If you have sources that said Philo was living in Jerusalem when Christ made his entry and was later crucified, please provide them.

    It is up to Philo what he wrote and we have lost many of his writings.

  • Robert Conner

    The Roman philosopher Celsus (as quoted by Origen), noted that Jesus belonged to a well known type, a category the Roman authorities were abundantly familiar with after the Bar Kochba war: the regional apocalyptic nationalist prophet who established his bona fides by wonder working. Josephus, Acts, and Contra Celsum mention several, Theudas and “the Egyptian” among others.

    The evidence of the gospels indicates pretty clearly that by the end of the 1st century most Christians were gentiles and their understanding of Jesus had changed; the exorcisms of Mark, for example, lose their more lurid details in Matthew and disappear entirely from John. Paul, it appears, never saw Jesus, knew little of his biography, never mentions his birth, childhood, or his miracles, and only rarely and obliquely references his teaching.

    One need hardly accept the ‘strong’ mythicist position that regards Jesus as a complete fiction to accept the basic premise: the Jesus of the gospels is quasi-historical at best and the Jesus of Ignatius (for example) is a delusion. More here:

    https://www.scribd.com/doc/302045278/Christianity-s-Critics-The-Romans-Meet-Jesus

  • William J E Dempsey

    Seems like our Greco Roman scholars here should note the rejected but considerable influence of say Dionysus in 2 Mac. 5, ff..

  • John Brooke

    Explain your statement in further detail please.

  • gw

    The long essay, says nothing new and never doubts what the ancient critics say nor scrutinises what modern critics say.

    In terms of Christ – when Jesus is raised from the Dead the “New Age” has begun.
    The Gates of Heaven are opened and no one must remain in the realm of the dead
    waiting for the Messiah.

    All the other sects mentioned in the essay have long faded away – why is that ?

  • Robert Conner

    And new sects have arisen to take their place. Why is that? Are the Mormons and the Jehovah’s Witnesses any less weird than the gnostics?

    As for ancient and modern critics, scrutinize away, gw.

  • gw

    There are always new sects and always will be.
    People have free will.

    As for Modern Critics, do you know of any who really have
    anything new to say ? If you do, please let me know.

  • Robert Conner

    I’ll happily leave you to your New Age and Gates of Heaven on which you are clearly the Modern Expert here.

  • gw

    So I guess you are saying the Modern Critics have nothing new to say.

  • Robert Conner

    No, the Modern Critics have nothing much new to say. And neither do the Modern Apologists. Have a nice day.

  • gw

    Well Modern Apologists do have the finding of the
    corner stone with Pilate’s name on it and manuscript
    evidence of Gospel fragments from 125 AD.

  • Robert Conner

    No one, to the best of my knowledge, ever questioned the historicity of Pontius Pilate. So your point, whatever it may be, escapes me.

    Assuming you were to find the originals of all four canonical gospels, it would do absolutely nothing to establish the truth claims of Christianity. You’re near to embarrassing yourself.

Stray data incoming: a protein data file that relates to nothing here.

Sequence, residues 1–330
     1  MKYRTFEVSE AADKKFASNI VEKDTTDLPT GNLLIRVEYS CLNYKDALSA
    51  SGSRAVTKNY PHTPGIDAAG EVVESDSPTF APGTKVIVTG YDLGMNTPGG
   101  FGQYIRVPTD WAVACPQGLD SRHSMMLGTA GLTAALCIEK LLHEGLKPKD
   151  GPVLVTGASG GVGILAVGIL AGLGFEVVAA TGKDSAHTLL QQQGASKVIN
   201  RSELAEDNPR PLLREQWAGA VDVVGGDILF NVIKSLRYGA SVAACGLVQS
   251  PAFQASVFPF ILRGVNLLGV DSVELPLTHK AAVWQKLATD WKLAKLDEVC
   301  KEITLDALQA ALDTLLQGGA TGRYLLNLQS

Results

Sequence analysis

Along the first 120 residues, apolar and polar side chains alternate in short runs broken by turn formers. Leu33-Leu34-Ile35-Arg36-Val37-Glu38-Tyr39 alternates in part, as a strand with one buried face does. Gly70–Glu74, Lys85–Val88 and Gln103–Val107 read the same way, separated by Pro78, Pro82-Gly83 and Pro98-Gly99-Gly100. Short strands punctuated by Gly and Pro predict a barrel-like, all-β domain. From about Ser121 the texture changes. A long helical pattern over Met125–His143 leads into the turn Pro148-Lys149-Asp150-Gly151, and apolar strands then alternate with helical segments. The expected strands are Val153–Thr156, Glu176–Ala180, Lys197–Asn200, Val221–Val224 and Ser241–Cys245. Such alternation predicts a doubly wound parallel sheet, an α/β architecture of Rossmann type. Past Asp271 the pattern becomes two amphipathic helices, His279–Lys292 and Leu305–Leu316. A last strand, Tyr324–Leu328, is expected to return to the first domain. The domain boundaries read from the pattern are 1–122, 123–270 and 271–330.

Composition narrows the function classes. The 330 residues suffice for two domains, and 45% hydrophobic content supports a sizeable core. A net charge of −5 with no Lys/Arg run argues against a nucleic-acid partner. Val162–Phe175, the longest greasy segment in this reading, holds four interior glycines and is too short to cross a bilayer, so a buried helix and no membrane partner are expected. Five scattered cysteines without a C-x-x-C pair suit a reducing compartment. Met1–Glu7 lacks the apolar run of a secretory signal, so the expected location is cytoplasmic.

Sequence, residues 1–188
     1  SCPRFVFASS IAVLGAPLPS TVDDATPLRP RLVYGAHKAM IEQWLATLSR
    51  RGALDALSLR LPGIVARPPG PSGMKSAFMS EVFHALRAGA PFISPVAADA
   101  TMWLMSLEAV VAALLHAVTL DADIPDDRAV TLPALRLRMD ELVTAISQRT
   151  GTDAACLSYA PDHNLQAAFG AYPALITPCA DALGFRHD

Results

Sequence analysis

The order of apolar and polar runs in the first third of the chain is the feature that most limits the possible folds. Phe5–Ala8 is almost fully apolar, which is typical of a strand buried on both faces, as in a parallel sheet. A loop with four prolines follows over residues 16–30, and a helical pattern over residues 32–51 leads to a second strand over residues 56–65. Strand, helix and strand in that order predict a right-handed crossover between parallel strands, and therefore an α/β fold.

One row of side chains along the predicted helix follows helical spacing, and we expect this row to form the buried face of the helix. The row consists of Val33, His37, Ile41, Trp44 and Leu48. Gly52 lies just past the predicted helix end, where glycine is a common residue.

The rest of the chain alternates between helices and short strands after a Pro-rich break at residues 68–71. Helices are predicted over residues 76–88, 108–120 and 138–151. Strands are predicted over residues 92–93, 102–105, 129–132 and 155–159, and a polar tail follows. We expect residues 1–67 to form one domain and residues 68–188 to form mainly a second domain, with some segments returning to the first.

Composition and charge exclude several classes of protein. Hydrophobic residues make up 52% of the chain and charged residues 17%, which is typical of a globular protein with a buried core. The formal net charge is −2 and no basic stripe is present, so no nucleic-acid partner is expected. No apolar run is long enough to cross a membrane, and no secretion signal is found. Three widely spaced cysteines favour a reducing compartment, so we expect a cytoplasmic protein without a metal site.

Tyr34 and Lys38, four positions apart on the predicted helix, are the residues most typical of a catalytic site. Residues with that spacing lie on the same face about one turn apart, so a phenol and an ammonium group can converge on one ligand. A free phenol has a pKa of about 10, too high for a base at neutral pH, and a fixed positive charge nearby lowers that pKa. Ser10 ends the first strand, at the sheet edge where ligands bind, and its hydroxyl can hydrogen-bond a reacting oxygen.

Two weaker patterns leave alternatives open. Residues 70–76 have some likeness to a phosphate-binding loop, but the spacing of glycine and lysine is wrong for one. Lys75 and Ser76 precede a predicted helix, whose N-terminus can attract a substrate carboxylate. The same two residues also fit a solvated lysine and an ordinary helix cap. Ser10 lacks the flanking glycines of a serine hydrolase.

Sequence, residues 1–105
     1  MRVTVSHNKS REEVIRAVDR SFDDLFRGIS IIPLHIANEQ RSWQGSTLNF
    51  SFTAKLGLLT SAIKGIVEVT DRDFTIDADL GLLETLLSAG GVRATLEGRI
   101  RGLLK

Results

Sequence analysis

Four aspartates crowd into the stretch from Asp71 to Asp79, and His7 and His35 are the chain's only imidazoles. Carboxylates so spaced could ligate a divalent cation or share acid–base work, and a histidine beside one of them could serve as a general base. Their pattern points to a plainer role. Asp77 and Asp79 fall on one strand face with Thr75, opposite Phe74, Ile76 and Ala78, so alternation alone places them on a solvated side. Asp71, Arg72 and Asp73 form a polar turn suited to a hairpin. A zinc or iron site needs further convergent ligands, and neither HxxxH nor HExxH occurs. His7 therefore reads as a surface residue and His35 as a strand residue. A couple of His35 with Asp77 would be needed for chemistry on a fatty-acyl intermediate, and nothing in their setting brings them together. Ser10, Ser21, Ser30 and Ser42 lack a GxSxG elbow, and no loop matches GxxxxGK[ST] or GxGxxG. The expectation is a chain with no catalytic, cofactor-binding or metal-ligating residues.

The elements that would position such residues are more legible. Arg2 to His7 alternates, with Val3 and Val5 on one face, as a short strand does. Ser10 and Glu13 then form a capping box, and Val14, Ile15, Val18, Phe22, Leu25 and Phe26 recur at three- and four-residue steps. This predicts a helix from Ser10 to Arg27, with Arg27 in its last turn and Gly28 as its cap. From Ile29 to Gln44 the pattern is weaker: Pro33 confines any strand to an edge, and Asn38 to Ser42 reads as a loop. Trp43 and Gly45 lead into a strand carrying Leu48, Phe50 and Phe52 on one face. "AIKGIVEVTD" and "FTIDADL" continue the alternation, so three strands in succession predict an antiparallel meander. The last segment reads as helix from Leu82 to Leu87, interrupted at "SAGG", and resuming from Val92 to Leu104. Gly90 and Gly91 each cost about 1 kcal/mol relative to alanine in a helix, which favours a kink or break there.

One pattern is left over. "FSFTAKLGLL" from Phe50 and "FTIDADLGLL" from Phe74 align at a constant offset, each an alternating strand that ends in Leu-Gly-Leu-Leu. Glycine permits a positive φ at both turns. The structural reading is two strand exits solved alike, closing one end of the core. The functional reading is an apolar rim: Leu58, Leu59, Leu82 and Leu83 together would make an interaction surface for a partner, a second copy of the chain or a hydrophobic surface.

• gw

    The best of your knowledge is not sufficient.

    There were those who said every historical mention of
    Pilate by ancient historians was placed there by Christians.

    Since there are those who insist that the Gospels were not
    written until the 2nd Century, that would refute them.
    If it could be shown that the Gospels were all written before 70 AD, that would lead credence to their being written by those who knew Jesus or, in Luke’s case,
    of dependence upon those written accounts and eyewitnesses who were still alive.

  • Robert Conner

    I have a strong hunch that you’re deliberately missing the point: we can assume that every person named in the New Testament was a real, historical figure and that does nothing to advance the truth claims of Christianity. For example the historically verifiable existence of the Nazi elite has no bearing on the claims of National Socialism, etc, etc. The apologetic ploy of asserting the truth of the gospels because it can be proven that some or potentially all of the characters were real people is pathetic, indeed borderline stupid, and intellectually embarrassing. You’re in a hole. Stop digging.

  • gw

    There are several truth claims in Christianity:

    a) Jesus existed

    b) Jesus died for all of our sins

    c) Jesus rose from the dead

    d) Jesus is the Christ – the Saviour of the World.

    As a historian I see no reason to say that Jesus did not exist, once all the evidence has been examined.

    as for b, c, and d – those are matters of faith.

    If Jesus existed and if the early Church followed His teachings, that says something that cannot be denied.

    You may or may not accept the teachings of Jesus and you may or may not believe that He is the Son of

    the Living God, but you cannot deny that He changed history.

    What is true and what may not be true in the Gospels is not something you can prove or disprove.

    But you are not justified in just dismissing the claims they make out-of-hand, because you were not there.

    The existence of the Nazi’s says something about the economic/political/social situation of Germany

    in the late 1920’s/1930’s in Germany and it would be very odd if a Historian, because he did not care

    for what National Socialism said it stood for – ignored the individual and group histories of the Nazi Elite.

    You have dug your own hole, and yet you complain when I offer to dig down and help you out.